Poems by Rosamund Stanhope
Rosamund Stanhope trained for the stage, and later for teaching drama, at the Central School. She also holds an English honours degree. Conscripted in 1943, she served with the Royal Naval Air Service branch of the W.R.N.S. as a P.O. radio mechanic. After the war, she married a Welshman, and her only child - a daughter - was born in Swansea on St. David's Day. In 1963 she broke her back and hence her legs are partially paralysed. She has taught and lectured in English and Drama in schools and colleges in Worcestershire and Shropshire. Rosamund Stanhope has been writing poetry since the age of six. Muriel Spark was the first editor to accept one of her poems, for Poetry Review. In 1962 Scorpion Press published her first collection of poems, So I Looked Down to Camelot, which was reviewed favourably by Elizabeth Jennings.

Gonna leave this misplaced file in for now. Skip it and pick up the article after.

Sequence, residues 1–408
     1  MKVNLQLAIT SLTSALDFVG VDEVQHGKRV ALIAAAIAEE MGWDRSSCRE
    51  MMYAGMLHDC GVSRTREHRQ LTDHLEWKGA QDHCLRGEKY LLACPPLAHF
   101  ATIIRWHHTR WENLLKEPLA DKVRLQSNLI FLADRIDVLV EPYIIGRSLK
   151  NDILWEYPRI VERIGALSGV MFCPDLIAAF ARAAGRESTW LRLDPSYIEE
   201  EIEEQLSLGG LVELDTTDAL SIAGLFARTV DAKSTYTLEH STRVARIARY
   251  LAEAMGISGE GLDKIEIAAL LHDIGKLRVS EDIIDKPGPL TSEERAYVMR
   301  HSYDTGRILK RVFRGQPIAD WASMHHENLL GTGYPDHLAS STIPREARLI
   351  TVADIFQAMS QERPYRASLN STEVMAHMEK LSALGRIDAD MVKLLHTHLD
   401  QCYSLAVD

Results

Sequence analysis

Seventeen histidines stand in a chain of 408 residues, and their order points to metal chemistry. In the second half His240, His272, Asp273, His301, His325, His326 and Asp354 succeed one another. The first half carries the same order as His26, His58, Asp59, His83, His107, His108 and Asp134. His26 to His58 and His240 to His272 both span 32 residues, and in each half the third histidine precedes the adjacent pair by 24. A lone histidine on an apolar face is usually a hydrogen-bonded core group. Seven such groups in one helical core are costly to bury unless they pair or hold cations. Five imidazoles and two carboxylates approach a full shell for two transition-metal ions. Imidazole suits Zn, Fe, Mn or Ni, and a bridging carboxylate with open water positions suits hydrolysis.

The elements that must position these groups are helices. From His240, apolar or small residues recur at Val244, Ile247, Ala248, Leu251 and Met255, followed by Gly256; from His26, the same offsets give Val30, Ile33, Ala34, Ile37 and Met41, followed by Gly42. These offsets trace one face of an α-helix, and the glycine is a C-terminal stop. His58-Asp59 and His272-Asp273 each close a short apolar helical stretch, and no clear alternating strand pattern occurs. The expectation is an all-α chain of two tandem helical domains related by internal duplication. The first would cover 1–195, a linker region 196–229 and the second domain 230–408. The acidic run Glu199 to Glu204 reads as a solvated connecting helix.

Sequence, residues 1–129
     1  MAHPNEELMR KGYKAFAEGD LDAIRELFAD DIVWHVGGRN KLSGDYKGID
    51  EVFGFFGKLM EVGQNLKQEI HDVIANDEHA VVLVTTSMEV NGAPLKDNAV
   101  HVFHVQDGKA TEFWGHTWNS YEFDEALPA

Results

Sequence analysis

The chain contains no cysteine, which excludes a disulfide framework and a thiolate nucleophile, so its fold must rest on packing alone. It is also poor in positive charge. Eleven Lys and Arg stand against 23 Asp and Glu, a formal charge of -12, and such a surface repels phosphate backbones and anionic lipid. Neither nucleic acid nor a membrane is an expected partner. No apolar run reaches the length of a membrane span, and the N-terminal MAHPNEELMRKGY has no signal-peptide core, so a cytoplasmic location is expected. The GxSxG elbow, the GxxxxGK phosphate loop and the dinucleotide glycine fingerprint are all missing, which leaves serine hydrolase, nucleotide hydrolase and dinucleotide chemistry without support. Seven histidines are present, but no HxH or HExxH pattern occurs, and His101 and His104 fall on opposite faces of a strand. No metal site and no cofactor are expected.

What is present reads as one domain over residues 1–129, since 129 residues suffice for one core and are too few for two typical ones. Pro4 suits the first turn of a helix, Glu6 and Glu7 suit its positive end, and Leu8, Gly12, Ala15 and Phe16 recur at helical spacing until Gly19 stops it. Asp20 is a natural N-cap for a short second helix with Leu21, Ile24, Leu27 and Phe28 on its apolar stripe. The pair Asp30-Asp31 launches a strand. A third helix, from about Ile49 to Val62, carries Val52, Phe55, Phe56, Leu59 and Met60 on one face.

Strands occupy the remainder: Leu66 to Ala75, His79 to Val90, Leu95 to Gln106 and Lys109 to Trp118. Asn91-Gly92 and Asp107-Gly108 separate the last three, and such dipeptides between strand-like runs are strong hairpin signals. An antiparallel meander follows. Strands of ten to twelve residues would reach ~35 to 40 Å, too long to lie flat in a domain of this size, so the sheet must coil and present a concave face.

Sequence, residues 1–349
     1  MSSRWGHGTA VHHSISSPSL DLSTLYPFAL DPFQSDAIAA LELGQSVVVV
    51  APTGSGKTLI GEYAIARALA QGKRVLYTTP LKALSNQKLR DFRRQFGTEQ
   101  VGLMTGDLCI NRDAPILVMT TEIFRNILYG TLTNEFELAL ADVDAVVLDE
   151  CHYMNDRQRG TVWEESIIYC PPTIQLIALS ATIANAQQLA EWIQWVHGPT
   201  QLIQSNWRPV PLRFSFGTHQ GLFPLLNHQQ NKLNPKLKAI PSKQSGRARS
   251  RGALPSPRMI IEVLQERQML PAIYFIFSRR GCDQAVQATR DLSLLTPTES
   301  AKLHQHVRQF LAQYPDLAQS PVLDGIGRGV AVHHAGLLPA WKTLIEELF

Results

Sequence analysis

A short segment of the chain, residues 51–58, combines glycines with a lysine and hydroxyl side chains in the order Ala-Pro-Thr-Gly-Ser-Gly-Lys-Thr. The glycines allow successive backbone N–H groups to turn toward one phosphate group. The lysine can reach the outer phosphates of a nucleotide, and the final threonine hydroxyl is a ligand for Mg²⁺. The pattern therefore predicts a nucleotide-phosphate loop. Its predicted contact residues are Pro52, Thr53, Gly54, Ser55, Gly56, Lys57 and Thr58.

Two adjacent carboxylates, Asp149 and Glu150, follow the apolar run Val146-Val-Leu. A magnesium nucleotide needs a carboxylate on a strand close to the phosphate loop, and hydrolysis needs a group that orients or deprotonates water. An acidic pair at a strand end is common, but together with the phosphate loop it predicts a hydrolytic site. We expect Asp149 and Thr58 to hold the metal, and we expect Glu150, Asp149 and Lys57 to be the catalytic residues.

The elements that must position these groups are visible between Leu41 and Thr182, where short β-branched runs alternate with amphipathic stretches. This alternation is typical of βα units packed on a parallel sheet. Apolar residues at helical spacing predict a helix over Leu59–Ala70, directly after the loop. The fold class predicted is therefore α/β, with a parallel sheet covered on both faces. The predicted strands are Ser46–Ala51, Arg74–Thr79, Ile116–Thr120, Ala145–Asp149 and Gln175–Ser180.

Lapidary is a deeply moving and witty volume full of verbal fireworks and elements of surprise. Rosamund Stanhope is particularly effective in deploying contrasting registers of language such as slang and legal jargon. Poems within this collection have appeared in leading literary journals on both sides of the Atlantic, such as London Review of Books, New Statesman, Poetry Wales and Webster Review (U.S.A.). Some of her poems have been used by the South-East Wales Dial-a-poem service.
Overlooking The Sea
Beyond curtains, the sea
performs its lapidary magic
smoothing pebbles in the green silk of its waves
while the Cork ferry recedes
a lighted wedding-cake
from the black pane of the bay.
And this is what holds me: none of your
dropping of plumblines in the safe laps of suburbs
building supportive terraces, intimate semis
hand in glove against the weather; mansions
secure in their play-pens of parkland
never out of the range of Nannie’s eye.
You couldn’t better a place
such as this, so near to ruin
so committed to planting its daring foundations
as close as a shave to the precipice. I need
the risk of slipping, the doubt
not precluded by a party wall.
A place as safe as houses
pitched on the edge of the San Andreas fault.
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Cover illustration: 'Totes Meer' by Paul Nash. (The Tate Gallery, London). Courtesy of the Paul Nash Trust
Publication: AUTUMN 1990 (64 pages laminated paperback)